Last year, Lieke Melsen and colleagues published an opinion paper in HESS. We (YHS members) thought it was an interesting choice for a PhD student to publish an opinion paper and decided to ask her a few questions about the paper.
Q: Where are you from, where are you based, and what are you working on now?
A: I am from the Netherlands, born in Amsterdam, and working at Wageningen University as a PhD candidate. Not for long anymore; I just submitted my thesis and will defend in April. In the meantime, I am working on two themes which I’d like to explore more in the future: the role of subjective decisions made by the modeller during hydrological model configuration, and how the philosophy of science of a researcher relates to hydrological model evaluation.
Q: What is the take home message of your paper?
A: Nature is extremely complex; many processes take place at many different temporal and spatial scales. Not all these processes are represented in hydrological models – the application scale of the model determines which processes are most important and subsequently included in the model. This means that you cannot just change the application scale of the model, because, at a different scale, different processes become important.
Q: Writing an “opinion paper” is not common for PhD students. What spurred you to be an exception to the rule?
A: I just started with the meta-analysis of VIC literature to include this as introduction for another manuscript, but I was so surprised by the pattern that I found (Figure 3 in the paper) that we decided to write an opinion-paper. It was not easy though; it has been rejected twice by another journal with reviews varying from extremely positive to extremely though; to be honest I sometimes had the impression that it was not really appreciated that a junior wrote an opinion paper. I was about to give up, but all the co-authors stimulated to continue and in the end it did improve a lot compared to the initial submission.
Q: Your paper does not give explicit examples on what data sources may be useful to evaluate models at higher temporal resolutions. What do you think are important sources that we should better utilise in the future?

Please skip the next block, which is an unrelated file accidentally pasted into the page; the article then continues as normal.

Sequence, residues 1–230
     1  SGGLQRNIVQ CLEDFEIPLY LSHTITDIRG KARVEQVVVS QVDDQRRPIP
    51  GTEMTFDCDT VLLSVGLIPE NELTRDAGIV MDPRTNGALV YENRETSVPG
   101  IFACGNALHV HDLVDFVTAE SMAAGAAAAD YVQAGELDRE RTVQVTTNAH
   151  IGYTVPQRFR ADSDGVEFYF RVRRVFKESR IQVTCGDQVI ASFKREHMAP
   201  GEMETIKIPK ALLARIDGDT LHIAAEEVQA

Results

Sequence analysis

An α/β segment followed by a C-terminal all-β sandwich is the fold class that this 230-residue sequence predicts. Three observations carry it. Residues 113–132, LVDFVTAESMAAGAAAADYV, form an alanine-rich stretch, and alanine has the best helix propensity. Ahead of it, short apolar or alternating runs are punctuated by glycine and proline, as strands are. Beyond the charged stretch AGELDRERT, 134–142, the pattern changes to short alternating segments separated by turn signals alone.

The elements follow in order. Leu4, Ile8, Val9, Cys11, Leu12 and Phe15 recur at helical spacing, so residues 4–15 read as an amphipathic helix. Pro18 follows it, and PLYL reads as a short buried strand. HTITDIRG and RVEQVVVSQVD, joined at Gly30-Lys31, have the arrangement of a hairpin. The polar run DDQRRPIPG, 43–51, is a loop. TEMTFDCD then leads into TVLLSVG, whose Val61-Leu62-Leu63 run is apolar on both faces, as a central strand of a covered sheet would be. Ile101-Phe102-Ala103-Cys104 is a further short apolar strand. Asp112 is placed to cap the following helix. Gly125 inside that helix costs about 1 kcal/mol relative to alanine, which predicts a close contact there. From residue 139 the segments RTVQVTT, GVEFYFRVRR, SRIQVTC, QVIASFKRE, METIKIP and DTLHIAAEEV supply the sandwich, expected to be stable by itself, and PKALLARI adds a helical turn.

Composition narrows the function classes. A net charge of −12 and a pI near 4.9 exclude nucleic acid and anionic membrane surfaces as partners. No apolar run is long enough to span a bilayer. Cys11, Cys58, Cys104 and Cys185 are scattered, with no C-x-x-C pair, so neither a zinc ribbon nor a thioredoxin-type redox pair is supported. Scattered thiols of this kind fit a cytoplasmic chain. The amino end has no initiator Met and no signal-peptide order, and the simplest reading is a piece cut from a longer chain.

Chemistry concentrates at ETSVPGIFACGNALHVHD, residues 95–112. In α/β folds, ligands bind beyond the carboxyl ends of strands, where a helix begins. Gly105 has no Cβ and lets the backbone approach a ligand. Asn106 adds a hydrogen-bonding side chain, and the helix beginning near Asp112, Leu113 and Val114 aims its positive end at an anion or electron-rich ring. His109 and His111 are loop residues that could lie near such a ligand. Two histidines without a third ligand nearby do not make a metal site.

A: I find this a tough question. As also written in the paper, it is not only the measurements that need to be carried out, the data should also be centrally available, which requires a data infrastructure.
Q: In the past, you expressed your appreciation (see video) for the timelessness of the work of several philosophers. (Why) do you think your paper will still be cited in 10(0) years from now?
A: I am afraid not. I hope that in 100 years, scientists will laugh at our stupid models from nowadays and that by that time they came up with something completely novel to analyze nature. To include another philosopher; I hope that in 100 years, hydrology has made a paradigm shift (Kuhn).
[END] –Interviewed by Wouter Berghuijs
This interview is part of the new YHS Research “Hylights” series to showcase interesting and outstanding work by early career scientists. Selection criteria are not set in stone, but reasons to select work can include e.g. novelty and relevance of findings, fun of reading, unique collaborations, media coverage and generated controversy. Selected work will be provided with a short layman summary, and a short written or video interview with the (first) author(s). Tips can be sent to young hydrologicsociety(at)gmail(dot)com or t(dot)h(dot)m(dot)vanemmerik(at)tudelft(dot)com.
Reference paper: Melsen, L. A., Teuling, A. J., Torfs, P. J. J. F., Uijlenhoet, R., Mizukami, N., and Clark, M. P.: HESS Opinions: The need for process-based evaluation of large-domain hyper-resolution models, Hydrol. Earth Syst. Sci., 20, 1069-1079, doi:10.5194/hess-20-1069-2016, 2016.